EAST LANSING — Donald Morelli, who has been interim chair of the Michigan State University Department of Chemical Engineering and Materials Science for almost two years, has been named chair of the department following a national search. His appointment is effective June 1.
ANN ARBOR — For more than 20 years, the Integrated Product Development course has brought together students and faculty members from different disciplines at the University of Michigan to participate in an innovative product design competition.
The course, organized by the Tauber Institute for Global Operations, is co-taught by Stephanie Tharp, associate professor at UM’s Stamps School of Art & Design, and Evan Svaan, a lecturer at UM’s Ross School of Business.
The culmination of this year’s course was the 2017 IPD Trade Show, which took place in April and featured an exhibition of products from six teams of graduate students from the Stamps School, the Ross School, and UM’s College of Engineering and School of Information.
SOUTHFIELD – The Michigan Chapter of Women in Defense, an organization for women in the defense industry, announces applications are being accepted for the 2017 Women in Defense Horizons – Michigan Scholarship.
The scholarship is available to women who are United States citizens, residents of Michigan, enrolled at an accredited Michigan college or university, have at least junior academic status, and have a minimum grade point average of 3.25.
Applicants should also demonstrate an interest in pursuing a career related to national security and defense. Preferred fields of study include security studies, military history, government relations, engineering, computer science, physics, mathematics, business (as it relates to national security or defense), law (as it relates to national security or defense), international relations, political science, economics. Others will be considered if the applicant can successfully demonstrate relevance to a career in the areas of national security or defense.
Since the scholarship was established in 2009, 28 women have received more than $100,000 in educational funding under the program.
For more information about the program, visit http://www.wid-mi.org/programs/horizons-scholarship. The deadline to apply with supporting materials is May 12. For further information contact the WID-MI scholarship director at firstname.lastname@example.org.
SOUTHFIELD – Michigan engineers who want to enhance their personal and professional growth – or who need continuing education credits newly required to keep a Michigan Professional Engineer (PE) license – will want to check out new two-hour educational classes being offered by The Engineering Society of Detroit.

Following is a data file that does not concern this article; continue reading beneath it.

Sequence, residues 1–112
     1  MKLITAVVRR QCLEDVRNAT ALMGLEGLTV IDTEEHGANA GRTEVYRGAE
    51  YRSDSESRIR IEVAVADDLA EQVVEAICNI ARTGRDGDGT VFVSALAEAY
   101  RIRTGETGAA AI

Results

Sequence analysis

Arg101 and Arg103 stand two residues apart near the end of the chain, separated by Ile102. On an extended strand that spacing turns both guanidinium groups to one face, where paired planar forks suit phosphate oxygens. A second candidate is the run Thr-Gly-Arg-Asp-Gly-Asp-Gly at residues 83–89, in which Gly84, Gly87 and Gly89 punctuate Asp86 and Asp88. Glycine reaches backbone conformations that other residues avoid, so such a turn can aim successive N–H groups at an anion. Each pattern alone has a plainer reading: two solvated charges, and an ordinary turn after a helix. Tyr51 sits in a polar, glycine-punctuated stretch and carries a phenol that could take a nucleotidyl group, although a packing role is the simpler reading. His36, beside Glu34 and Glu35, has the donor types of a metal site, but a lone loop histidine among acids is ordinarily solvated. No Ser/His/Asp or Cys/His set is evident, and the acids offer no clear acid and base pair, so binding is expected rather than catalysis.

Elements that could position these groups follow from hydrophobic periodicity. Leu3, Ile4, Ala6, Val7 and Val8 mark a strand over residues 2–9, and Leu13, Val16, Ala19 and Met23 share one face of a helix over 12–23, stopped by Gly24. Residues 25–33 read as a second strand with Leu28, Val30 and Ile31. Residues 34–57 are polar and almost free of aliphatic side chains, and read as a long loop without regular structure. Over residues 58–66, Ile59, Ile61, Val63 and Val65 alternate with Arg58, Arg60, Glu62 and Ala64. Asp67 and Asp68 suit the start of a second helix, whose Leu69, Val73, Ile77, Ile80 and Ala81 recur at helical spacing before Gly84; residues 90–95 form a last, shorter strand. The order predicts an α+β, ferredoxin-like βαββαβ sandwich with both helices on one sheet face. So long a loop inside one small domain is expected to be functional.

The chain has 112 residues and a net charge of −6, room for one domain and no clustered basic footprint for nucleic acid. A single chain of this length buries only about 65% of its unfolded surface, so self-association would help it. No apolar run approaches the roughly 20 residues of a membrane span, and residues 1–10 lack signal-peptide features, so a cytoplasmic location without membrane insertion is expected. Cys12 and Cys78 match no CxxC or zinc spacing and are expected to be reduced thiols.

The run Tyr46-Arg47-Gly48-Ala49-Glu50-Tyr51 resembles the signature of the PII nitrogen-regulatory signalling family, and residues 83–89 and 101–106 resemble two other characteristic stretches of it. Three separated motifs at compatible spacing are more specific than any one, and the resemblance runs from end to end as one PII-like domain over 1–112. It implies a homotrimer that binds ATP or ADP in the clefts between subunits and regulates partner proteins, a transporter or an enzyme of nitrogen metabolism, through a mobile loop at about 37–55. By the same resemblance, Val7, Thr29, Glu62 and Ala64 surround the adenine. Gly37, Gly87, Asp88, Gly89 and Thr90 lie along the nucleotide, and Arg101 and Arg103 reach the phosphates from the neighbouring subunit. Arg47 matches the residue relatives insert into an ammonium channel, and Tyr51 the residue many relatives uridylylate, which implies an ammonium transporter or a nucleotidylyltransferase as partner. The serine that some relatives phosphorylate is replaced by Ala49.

The courses cover a broad range of topics and are geared toward engineers and other technical professionals.
The courses are $50 per course for ESD members and $75 for non-members. There’s also a student rate of $25. Each course earns two hours of continuing education credit. A certificate of completion will be provided.
The course schedule is as follows:
Monday, April 24: Water Matters
Presented by Thomas M. Doran, PE, FESD, Retired Principal and Vice President, Hubbell, Roth & Clark, Inc.
A class to identify what should concern us and what should encourage us, along with common misconceptions concerning water and insights into how we arrived at where we are today with our water resources, presented by someone who has worked on water projects in the United States, Latin America, and Canada for 40 years. Drinking water, wastewater, groundwater, and stormwater will be addressed, including some surprise information that isn’t often heard.
Wednesday, May 3: Fundamentals of Mass Reduction / Light Weighting Techniques
Presented by Dinesh C. Seksaria, PE, Principal/Consultant, Dinesh C. Seksaria PE PLLC
This presentation will provide an overview of the underlying and enabling science involved in the currently popular subject of “light weighting”. It is intended to help individuals (non-FEA/non-structural) in both engineering as well as some non-engineering functions to understand “what light weighting means, what is involved in doing it and how it is generally accomplished.” It is intended to help both new and experienced individuals with some technical background to get a better appreciation of this subject. Pertinent terminology will be defined and basic engineering concepts that influence weight and various methods for its reduction will be discussed. Other topics that will be covered include notions of loads, stresses and deflections along with concepts of strength and stiffness as they relate to material properties in relationship to weight. Also reviewed will be other critical material characteristics that must be considered in making the technical and economic choices involved in light weighting of mechanical structural elements of a product’s design.